By Carl Bildt
Monday, January 25, 2010; A17
A decade and a half ago, when I was prime minister of Sweden, then-President Bill Clinton and I had the first e-mail exchange between heads of state. Already our two nations were at the forefront of the technological revolution about to transform our world.
We had just left an era in which communist dictatorships had tried to control fax machines and the Moscow phone directory was a closely held secret. Today, fax machines are definitely yesterday, and classical phone directories are more or less out of business.
Since that groundbreaking e-mail exchange we have seen the revolution in mobile communication coming out of Europe and the Internet revolution coming out of the United States transform the politics and economics of our world.
Today there are approximately 4 billion mobile phone users worldwide. The number of Internet users is approaching 2 billion. For several billion people, the village has become a truly global one.
Two decades ago a wall made of concrete, built to divide the free and unfree, was torn down. Today it is the freedom of cyberspace that is under threat from regimes as keen as dictatorships past to control and limit the possibilities of their citizens. They are trying to build firewalls against freedom.
At the end of the day, I am convinced they are fighting a losing battle -- that cyber walls are as certain to fall as the walls of concrete once did.
When Sweden held the presidency of the European Union last year, we raised the issue of Internet freedom as part of our human rights agenda, and we will continue to highlight this and related issues.
Secretary of State Hillary Clinton's address on Internet freedom last week has brought this issue the political attention it deserves. We should now forge a new transatlantic partnership for protecting and promoting the freedoms of cyberspace. Together, we should call for all these walls to be torn down.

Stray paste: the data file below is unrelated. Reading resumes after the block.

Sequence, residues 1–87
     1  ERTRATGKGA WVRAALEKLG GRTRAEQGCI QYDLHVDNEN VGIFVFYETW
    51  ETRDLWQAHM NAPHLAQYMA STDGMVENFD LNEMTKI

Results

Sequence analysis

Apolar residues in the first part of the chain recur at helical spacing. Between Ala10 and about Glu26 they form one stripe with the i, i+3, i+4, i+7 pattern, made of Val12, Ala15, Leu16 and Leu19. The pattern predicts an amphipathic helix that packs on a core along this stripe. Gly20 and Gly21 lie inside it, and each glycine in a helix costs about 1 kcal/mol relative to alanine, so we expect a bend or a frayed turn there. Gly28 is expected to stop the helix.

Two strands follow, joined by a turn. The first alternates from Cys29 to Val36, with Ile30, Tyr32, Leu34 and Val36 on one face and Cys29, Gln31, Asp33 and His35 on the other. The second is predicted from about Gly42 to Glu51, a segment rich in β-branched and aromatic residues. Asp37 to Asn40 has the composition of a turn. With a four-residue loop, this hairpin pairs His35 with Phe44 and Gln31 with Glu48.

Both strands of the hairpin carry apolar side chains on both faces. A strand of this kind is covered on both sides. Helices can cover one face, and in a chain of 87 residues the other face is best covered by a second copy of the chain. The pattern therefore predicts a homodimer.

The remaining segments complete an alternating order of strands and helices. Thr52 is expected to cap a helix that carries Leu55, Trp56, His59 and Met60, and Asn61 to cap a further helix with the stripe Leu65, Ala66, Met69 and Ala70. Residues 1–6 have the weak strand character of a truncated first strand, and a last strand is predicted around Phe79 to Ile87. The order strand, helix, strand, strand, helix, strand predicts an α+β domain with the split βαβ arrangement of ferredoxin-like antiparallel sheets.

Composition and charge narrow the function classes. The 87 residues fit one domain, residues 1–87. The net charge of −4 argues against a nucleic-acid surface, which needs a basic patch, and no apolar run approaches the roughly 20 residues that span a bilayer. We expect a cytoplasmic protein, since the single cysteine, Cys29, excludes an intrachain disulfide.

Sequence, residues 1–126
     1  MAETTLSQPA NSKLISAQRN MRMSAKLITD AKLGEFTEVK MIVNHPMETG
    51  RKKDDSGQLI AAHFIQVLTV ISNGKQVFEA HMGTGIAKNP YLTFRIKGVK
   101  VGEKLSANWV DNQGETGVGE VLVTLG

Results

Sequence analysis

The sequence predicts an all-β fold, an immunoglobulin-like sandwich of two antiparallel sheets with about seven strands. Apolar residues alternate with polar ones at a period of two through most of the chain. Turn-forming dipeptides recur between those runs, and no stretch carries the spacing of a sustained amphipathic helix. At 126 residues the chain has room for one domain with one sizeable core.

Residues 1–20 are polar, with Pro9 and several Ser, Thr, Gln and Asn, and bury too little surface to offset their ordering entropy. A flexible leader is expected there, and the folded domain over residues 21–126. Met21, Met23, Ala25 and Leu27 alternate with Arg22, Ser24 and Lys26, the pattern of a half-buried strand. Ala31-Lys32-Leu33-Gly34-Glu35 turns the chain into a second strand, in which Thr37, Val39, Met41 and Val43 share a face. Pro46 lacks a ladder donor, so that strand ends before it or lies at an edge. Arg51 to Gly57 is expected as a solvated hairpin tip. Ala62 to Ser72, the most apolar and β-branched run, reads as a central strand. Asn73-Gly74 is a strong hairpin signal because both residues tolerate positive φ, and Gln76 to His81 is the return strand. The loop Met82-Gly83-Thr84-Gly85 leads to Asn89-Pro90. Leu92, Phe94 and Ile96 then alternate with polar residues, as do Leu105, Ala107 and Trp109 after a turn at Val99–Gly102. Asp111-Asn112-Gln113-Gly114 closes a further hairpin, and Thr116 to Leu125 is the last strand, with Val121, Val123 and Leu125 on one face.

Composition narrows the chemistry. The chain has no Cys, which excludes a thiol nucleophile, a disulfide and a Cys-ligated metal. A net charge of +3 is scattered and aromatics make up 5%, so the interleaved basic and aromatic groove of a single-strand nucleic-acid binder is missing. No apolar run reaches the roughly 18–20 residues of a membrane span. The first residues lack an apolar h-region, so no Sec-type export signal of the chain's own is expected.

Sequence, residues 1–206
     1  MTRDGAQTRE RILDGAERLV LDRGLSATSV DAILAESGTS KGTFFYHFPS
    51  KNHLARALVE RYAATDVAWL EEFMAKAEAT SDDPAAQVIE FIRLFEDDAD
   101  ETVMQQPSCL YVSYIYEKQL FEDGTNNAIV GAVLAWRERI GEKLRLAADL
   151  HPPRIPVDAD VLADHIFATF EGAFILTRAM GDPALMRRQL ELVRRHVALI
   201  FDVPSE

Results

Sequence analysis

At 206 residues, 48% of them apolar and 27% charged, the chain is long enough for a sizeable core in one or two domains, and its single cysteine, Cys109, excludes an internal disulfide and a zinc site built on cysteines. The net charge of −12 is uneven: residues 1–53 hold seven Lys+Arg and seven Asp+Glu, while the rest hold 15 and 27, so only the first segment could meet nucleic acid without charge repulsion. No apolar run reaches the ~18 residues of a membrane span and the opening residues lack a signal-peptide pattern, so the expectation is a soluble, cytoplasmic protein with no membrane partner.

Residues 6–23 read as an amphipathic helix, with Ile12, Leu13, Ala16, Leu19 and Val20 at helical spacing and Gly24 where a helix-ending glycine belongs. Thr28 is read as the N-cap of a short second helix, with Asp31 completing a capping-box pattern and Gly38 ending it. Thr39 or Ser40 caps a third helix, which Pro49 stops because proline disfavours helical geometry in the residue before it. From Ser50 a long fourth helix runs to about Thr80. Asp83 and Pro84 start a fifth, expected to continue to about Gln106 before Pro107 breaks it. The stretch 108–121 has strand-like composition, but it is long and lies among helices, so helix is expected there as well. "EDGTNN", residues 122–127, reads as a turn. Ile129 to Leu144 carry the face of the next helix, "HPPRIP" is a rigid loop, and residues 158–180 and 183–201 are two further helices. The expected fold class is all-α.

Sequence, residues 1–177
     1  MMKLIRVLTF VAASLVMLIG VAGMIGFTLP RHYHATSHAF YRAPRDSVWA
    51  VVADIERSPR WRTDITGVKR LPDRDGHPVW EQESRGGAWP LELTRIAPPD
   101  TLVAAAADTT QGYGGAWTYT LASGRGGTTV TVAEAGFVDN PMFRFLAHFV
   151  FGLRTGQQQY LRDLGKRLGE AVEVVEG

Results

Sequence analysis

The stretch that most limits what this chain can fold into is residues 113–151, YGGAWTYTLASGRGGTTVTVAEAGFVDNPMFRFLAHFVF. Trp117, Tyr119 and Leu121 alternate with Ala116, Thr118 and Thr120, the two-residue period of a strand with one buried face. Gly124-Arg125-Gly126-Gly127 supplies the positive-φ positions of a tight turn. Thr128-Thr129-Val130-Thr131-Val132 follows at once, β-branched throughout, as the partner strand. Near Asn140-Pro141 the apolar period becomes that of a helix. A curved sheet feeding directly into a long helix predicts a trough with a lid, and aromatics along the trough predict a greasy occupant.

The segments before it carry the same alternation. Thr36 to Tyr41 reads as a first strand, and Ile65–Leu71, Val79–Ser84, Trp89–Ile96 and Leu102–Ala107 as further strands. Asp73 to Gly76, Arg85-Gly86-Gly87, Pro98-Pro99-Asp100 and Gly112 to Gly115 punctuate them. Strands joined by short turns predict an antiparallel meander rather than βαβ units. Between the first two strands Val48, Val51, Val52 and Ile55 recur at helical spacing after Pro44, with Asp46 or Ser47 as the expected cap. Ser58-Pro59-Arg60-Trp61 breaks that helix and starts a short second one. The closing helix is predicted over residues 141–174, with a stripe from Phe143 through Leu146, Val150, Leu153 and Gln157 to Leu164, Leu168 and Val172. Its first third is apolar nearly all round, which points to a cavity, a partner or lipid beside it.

Our efforts to promote and protect the freedoms of cyberspace should go hand in hand with protecting the infrastructure of cyberspace, which is increasingly important to our societies.
Much like the way the rule of the law is critical to protecting the freedoms we enjoy as citizens in our societies, and international law protects the peace between our nations, we must seek to shape the rules that will protect the rights and the freedom of cyberspace.
This area of international affairs is still in its infancy but is of tremendous importance for the future of the international community. There are difficult issues to tackle -- as we are beginning to see in the debates in our respective countries. They deserve to be at the very top of the agenda of nations cherishing the values of freedom.
The writer is Sweden's minister of foreign affairs.